In a decision action 816 it is determined if there is an instruction in the contents of the file. If the answer is no, flow branches to the decision action 820. If the answer is yes, flow proceeds to the action 818. In the action 818, the instruction is applied to the administrative action. For example, the contents of the file could include a single instruction or a script having multiple instructions, which could direct the administrative action. In a decision action 820, it is determined if there is data in the file. If the answer is no, flow branches to the action 824. If the answer is yes, flow proceeds to the action 822. In the action 822, the data is applied to the administrative action. For example, the data could supply information that goes into a report generated according to the administrative action and the data could provide one or more parameters, and so on.
The method advances to action 824 where the administrative action is initiated. The administrative action is governed by directory permissions, in some embodiments. In the decision action 826, the question is asked, is there result data? For example, the administrative action could generate a report, a summary, a warning, an error message or a recommendation. If the answer is no, flow branches back to the action 804, to receive another command to write a file or to read a file. If the answer is yes, flow proceeds to the action 828. In the action 828, the result data is written to the file. Flow then proceeds back to the action 804, to receive another file. In variations of the method, the decision actions 812, 816, 820 regarding contents of the file or the filename could be performed in various orders.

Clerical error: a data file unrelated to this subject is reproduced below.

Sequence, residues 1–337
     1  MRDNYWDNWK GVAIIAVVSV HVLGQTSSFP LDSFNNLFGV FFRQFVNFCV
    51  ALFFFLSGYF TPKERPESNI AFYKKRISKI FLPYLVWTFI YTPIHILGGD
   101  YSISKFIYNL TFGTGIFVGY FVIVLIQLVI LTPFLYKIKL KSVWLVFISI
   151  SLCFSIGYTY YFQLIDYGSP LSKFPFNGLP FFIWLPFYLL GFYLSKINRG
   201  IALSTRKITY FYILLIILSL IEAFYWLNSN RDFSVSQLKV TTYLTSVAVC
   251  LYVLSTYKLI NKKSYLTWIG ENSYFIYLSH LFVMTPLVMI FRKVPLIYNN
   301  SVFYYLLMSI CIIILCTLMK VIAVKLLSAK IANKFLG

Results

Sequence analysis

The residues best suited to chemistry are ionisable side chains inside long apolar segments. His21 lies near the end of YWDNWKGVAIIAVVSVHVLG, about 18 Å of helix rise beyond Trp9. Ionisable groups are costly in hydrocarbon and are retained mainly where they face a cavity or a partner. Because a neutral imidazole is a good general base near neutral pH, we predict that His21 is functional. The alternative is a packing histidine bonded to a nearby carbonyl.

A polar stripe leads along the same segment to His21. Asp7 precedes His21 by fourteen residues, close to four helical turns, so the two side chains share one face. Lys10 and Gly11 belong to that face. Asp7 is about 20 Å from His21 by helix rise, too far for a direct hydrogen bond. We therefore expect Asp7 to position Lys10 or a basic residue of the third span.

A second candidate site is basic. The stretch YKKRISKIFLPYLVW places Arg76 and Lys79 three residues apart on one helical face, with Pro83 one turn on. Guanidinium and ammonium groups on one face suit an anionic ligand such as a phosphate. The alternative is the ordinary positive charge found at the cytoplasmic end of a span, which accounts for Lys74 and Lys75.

It should be appreciated that the methods described herein may be performed with a digital processing system, such as a conventional, general-purpose computer system. Special purpose computers, which are designed or programmed to perform only one function may be used in the alternative.
Display 911 is in communication with CPU 901, memory 903, and mass storage device 907, through bus 905. Display 911 is configured to display any visualization tools or reports associated with the system described herein. Input/output device 909 is coupled to bus 905 in order to communicate information in command selections to CPU 901. It should be appreciated that data to and from external devices may be communicated through the input/output device 909. CPU 901 can be defined to execute the functionality described herein to enable the functionality described with reference to
Detailed illustrative embodiments are disclosed herein. However, specific functional details disclosed herein are merely representative for purposes of describing embodiments. Embodiments may, however, be embodied in many alternate forms and should not be construed as limited to only the embodiments set forth herein.